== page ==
I accepted her decision but, I explained that I am perfectly able to live my life normally at this stage, my illness and I do not pose a threat to the people around me and that being immuno-compromised only means that some part of my body is not being recognized as my own by my immune system.  She immediately returned my message, stating that she would agree to meet with me at a different location, without her children if my neurologist wrote a letter explaining my case.  She said she didn't want her children to catch anything.  Naturally, I declined.
     Now, I've had this illness for nearly 4 years and should know by now that many people don't have any sort of understanding of multiple sclerosis, or other autoimmune disorders.  Many people hear autoimmune and equate MS to AIDS, as this woman did in her emails to me. I'm not sure why this came as such a shock to me.  She quoted my blog in her messages, misinterpreting many of the things I have said.  It's just so interesting and frustrating to me how solidified the misconceptions of individuals without multiple sclerosis (and other autoimmune diseases) are towards those illnesses.  
     Have you experienced discrimination due to your chronic illness, such as multiple sclerosis?  Thanks for reading!
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word vomit.

    Prolonged cold snaps do things to me.  More specifically, they seem to make my thoughts and focus phlegmy, like milk that has curdled.  During the last few sessions with my therapist, my ability to carry on a conversation seems to have been reduced to a level on par with the verbal capabilities and coherence of a drunken toddler.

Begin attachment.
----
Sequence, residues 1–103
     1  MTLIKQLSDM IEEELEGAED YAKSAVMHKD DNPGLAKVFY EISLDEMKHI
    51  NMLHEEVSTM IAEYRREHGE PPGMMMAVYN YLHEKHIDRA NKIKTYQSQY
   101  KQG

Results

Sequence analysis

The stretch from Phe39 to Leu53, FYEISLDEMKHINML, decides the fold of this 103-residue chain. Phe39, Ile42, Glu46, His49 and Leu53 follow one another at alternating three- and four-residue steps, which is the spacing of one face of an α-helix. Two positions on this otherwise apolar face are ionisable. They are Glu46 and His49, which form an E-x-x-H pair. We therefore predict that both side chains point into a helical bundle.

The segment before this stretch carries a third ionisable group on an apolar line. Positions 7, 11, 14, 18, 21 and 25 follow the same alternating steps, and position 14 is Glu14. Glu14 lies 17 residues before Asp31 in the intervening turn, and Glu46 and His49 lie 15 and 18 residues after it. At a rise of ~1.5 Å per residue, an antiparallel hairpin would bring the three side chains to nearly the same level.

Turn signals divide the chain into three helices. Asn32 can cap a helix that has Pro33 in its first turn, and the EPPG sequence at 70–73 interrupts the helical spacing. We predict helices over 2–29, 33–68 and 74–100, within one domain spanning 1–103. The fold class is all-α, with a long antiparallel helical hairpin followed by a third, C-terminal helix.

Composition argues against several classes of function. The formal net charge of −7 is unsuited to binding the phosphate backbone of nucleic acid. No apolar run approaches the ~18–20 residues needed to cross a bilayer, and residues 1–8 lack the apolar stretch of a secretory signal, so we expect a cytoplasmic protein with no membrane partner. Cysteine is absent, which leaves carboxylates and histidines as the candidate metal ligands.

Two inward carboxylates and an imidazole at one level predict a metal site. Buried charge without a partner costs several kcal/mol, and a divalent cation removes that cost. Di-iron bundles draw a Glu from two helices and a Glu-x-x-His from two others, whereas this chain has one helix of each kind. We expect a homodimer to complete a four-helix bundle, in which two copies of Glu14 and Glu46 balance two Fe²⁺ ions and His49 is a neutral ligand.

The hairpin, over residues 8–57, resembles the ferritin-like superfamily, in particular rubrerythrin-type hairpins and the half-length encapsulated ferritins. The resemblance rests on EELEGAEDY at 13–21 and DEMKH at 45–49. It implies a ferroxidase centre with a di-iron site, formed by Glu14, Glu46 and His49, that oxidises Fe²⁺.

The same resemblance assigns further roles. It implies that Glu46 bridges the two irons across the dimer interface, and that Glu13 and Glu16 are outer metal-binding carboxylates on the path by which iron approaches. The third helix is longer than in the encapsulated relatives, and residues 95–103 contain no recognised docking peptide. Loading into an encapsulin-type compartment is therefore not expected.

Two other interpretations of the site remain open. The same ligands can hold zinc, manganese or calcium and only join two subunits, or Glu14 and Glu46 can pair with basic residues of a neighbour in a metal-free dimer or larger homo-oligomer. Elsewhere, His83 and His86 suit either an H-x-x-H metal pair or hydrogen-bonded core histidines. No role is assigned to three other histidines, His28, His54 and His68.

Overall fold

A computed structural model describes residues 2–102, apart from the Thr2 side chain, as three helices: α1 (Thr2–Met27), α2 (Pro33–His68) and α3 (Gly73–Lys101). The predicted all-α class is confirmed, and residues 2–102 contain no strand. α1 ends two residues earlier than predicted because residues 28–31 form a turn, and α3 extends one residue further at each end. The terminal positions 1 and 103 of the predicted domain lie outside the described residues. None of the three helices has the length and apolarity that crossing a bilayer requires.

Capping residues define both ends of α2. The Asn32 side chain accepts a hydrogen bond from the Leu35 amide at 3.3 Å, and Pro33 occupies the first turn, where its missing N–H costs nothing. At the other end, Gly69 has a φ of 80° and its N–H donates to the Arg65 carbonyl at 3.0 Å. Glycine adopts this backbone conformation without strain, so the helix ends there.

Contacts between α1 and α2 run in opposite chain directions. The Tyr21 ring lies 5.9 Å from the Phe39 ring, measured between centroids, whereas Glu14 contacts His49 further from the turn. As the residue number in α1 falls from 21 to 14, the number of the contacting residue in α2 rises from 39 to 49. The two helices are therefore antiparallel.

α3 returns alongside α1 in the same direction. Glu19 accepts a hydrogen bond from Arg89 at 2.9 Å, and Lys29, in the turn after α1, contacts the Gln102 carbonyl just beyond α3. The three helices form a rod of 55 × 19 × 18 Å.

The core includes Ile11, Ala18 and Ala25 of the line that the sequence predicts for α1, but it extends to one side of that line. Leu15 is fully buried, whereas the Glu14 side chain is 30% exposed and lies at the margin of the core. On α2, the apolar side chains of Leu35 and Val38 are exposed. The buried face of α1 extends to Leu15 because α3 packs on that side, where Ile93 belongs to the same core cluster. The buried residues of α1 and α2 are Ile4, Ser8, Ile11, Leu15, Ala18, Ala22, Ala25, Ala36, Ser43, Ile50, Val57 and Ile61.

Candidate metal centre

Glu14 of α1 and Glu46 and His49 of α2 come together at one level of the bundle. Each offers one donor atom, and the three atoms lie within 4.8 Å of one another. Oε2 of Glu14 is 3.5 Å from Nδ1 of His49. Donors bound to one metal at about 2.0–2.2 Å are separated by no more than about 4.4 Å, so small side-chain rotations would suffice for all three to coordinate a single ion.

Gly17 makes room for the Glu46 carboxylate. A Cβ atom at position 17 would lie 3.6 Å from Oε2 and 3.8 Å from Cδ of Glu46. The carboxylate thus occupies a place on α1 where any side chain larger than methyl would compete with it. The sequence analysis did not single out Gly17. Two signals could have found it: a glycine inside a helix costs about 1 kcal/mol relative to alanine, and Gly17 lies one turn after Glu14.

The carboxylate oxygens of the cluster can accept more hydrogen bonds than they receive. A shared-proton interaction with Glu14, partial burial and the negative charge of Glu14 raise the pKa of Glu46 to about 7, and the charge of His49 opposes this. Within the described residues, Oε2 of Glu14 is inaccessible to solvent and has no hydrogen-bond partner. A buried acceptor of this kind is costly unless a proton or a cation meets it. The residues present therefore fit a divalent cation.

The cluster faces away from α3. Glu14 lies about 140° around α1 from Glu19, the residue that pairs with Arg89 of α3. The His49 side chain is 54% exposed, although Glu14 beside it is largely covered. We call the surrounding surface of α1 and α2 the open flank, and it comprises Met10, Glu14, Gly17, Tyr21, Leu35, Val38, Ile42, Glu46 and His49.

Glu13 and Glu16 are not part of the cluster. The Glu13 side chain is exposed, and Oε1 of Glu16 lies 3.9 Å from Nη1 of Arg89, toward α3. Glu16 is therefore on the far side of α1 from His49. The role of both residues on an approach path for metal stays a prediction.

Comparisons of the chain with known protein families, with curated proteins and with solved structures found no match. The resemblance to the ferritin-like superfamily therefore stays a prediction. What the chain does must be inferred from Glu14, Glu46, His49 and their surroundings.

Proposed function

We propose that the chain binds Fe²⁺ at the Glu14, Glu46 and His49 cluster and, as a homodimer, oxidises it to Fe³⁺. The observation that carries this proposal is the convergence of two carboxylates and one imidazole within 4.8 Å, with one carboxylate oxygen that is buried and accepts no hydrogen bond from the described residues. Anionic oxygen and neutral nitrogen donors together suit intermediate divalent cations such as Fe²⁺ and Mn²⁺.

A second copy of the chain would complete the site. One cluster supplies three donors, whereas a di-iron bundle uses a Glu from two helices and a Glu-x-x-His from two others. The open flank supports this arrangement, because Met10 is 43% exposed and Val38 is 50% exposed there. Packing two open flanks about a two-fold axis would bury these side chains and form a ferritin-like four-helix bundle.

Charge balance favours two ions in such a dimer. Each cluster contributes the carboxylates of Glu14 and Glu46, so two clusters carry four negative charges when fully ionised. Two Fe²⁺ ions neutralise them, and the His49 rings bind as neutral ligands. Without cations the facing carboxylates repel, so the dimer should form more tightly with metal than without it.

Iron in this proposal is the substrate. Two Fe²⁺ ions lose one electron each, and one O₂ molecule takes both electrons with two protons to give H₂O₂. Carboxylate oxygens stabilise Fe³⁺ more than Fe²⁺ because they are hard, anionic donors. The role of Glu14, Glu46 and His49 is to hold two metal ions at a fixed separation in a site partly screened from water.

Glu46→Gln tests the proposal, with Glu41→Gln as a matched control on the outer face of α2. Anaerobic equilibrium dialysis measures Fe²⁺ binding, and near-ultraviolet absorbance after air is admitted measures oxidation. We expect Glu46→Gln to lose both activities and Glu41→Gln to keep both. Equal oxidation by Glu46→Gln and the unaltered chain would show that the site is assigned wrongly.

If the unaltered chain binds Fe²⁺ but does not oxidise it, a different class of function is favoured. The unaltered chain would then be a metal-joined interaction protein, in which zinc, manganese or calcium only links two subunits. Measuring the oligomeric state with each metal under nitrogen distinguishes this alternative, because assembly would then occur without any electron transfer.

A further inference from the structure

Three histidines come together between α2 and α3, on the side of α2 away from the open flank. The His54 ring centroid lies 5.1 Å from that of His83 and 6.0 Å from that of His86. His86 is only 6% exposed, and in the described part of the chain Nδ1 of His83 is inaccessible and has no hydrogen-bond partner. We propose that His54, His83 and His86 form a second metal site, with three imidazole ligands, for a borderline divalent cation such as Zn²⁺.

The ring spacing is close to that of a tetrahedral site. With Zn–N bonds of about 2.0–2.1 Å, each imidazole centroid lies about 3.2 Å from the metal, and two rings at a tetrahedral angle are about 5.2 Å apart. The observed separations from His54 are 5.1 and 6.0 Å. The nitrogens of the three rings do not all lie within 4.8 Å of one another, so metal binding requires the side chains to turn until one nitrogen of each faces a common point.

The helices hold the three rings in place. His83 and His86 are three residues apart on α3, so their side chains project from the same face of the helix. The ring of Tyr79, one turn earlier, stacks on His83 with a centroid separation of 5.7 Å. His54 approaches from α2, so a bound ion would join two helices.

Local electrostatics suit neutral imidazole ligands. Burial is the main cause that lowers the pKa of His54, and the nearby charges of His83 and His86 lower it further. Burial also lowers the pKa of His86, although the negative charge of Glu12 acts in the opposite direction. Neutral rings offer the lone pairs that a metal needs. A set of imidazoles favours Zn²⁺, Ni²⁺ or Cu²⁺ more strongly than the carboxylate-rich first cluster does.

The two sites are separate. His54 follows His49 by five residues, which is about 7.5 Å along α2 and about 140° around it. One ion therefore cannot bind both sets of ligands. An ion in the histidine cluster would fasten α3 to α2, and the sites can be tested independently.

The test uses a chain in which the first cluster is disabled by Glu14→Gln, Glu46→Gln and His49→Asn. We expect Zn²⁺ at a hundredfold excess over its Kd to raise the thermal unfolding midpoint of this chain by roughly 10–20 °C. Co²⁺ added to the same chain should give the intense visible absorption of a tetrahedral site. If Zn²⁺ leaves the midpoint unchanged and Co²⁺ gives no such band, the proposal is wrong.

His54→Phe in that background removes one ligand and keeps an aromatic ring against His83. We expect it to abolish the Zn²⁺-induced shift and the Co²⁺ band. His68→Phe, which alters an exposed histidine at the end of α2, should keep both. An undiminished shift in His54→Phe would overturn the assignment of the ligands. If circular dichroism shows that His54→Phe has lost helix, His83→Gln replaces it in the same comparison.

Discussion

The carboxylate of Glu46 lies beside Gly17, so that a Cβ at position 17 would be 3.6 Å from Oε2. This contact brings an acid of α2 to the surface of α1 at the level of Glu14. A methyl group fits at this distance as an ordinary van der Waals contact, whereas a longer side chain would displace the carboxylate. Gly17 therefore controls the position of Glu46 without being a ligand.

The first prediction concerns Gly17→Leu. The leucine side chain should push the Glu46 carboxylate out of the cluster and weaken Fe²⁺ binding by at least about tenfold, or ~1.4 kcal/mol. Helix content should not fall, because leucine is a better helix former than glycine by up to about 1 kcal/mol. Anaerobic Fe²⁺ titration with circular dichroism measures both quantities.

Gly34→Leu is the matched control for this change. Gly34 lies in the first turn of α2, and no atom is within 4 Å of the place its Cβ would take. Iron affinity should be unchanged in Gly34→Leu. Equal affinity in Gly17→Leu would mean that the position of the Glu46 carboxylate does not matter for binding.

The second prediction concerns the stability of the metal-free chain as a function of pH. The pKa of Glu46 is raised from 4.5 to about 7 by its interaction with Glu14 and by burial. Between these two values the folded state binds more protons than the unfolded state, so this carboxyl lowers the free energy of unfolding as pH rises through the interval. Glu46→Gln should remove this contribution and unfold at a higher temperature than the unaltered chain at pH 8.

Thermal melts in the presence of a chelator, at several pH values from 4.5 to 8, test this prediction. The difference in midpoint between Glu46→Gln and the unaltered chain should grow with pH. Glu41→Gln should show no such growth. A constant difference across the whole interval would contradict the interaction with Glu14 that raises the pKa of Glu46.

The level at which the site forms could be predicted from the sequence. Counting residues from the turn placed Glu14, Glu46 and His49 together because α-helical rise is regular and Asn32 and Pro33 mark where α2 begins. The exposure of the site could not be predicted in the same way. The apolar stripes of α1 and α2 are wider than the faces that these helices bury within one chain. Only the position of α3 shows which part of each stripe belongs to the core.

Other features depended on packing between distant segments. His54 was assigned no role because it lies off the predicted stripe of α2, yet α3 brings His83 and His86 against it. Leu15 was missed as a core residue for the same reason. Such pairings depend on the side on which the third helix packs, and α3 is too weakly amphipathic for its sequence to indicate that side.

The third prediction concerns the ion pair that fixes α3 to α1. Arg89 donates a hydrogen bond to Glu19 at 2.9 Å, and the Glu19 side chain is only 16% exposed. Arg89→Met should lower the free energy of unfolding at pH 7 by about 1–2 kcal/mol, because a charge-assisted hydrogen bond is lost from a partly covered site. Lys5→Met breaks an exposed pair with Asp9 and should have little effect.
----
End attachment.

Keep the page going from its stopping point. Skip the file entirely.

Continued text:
There are days when certain words sound like utter gibberish to me.  Most recently, it's been, "scarf."  I'll question it every time my tongue flops it out.  I think, Surely that's not a word...it's too silly, much too akin to the yippings of a puppy.  My mother will confirm the word's existence in our language, and I'll work my mouth and brain around the letters, repeating them until they finally sound familiar.

     It would seem that during the chilly winter months, I flounder around through a fog of confusion that is even thicker than my baseline level of M.S. befuddlement. Beyond my difficulties in carrying on a lengthy, involved, perceptive discussion, I'm spacier and less focused in the extreme cold. Important accomplishments in my professional, academic and interpersonal lives have entirely eluded my memory.  This all made me sad and frustrated at first, but I'm learning to accept that these symptoms are just hurdles - not road blocks - that I need to compensate for.  
     The summer heat brings on inflammation and fatigue that can lead to any number of symptoms.  The winter makes me feel molasses-y; mentally and physically. Which of your M.S. symptoms are exacerbated by the cold weather? How do you make up for any deficits that they cause?  Comment below!  I always love to hear from you guys.